Stephen Carter, chief executive of Ofcom, the government-created media regulator, was in Scotland's capital Edinburgh on Monday night.
Not, like millions of other to protest and exert pressure on the G8 Summit leaders at nearby Gleneagles, but to deliver a message of empathy to Britain's struggling commercial radio broadcasters.
Addressing the Guardian Media Group lecture at the Radio Festival, Carter suggested he would lend a sympathetic ear to requests to permit cross-promotion between TV and radio stations with common ownership.
Under the present rules, the state-owned BBC is allowed to cross-promote to its heart's content. Not so the commercial sector - a curious decision, the reasons for which are lost in the fog of time and legislative obfuscation.
It was likely of scant consolation to his audience that Carter considers the BBC a "great content aggregator" that should be allowed to continue cross-promoting "if it is of genuine value to licence fee payers".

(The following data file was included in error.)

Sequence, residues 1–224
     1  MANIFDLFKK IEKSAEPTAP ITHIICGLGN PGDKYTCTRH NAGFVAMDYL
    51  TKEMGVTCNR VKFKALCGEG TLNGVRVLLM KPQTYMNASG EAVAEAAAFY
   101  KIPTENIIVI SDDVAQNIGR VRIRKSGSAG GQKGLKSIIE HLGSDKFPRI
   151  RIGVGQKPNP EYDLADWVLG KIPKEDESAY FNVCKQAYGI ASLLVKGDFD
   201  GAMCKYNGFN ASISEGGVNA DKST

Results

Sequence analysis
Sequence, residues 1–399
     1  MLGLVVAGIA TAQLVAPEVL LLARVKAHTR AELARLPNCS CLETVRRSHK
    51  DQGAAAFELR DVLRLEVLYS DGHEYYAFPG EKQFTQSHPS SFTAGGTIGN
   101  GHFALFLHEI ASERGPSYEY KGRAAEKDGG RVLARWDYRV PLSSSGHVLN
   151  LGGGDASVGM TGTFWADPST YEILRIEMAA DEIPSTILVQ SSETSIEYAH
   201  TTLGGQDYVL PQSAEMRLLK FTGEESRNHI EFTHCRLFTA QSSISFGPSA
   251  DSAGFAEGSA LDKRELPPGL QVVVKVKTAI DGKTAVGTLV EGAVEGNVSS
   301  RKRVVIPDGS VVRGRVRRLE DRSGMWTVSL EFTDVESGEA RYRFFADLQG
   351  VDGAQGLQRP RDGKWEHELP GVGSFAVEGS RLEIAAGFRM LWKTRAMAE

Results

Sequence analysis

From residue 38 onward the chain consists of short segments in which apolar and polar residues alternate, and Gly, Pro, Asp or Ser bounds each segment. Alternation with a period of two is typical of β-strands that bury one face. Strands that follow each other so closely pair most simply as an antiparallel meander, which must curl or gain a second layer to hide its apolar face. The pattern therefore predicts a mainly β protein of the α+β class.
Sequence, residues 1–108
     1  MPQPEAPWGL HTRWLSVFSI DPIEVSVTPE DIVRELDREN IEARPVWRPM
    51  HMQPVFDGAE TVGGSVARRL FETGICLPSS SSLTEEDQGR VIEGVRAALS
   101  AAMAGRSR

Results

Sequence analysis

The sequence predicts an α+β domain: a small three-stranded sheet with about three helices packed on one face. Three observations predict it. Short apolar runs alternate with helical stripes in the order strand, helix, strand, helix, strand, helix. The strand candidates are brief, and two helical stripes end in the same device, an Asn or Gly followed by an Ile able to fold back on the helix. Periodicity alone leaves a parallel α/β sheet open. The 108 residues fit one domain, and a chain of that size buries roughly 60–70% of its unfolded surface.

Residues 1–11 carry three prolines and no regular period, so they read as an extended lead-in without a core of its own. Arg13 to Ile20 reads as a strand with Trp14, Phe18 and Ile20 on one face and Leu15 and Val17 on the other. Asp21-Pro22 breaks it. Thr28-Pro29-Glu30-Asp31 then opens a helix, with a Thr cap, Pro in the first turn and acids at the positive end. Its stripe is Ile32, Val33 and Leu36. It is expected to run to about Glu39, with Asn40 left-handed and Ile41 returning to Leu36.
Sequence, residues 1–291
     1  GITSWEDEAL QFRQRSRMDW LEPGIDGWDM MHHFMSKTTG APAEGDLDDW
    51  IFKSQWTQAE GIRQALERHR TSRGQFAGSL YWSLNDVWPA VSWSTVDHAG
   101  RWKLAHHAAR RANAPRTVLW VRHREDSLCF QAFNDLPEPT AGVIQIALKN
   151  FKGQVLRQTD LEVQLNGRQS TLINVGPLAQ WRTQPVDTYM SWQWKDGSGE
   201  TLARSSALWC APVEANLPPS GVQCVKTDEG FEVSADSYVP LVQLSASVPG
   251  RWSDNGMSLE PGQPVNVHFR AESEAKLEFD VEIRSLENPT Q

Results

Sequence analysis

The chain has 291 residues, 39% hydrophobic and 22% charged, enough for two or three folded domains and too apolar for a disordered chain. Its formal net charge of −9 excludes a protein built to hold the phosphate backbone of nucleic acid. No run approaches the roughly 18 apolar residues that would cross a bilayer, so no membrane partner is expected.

Cross-promotion of BBC programmes and products is one of the commercial radio sector's biggest beefs against the corporation - whose national and local stations currently hold a 54% share of the UK radio audience
However, chins jerked upward from chests as festival attendees' heard the regulator's magic words: "If commercial TV wants to cross-promote commercial radio that is part of the same group, then that too can be building public value and we will review the rules we inherited to see whether there are unnecessary obstacles to reasonable cross-promotion."
In post-speech comments to the press, Carter opined that BBC cross-promotion is "not ipso facto a bad thing" - then added the significant rider that restrictions on commercial players "do not seem fair".
During his formal address, the Ofcom ceo again exposed his empire-building ambitions. The regulator, he said, should be allowed to carry out market impact assessments of the BBC's services if substantial changes were made to its station's formats.
Ofcom - as an independent regulator - and not the BBC's proposed new trust should analyse the corporation's impact on the radio industry at large, Carter proselytised. "The BBC trust is by definition not an independent regulator," he said.
Data sourced from MediaGuardian.co.uk; additional content by WARC staff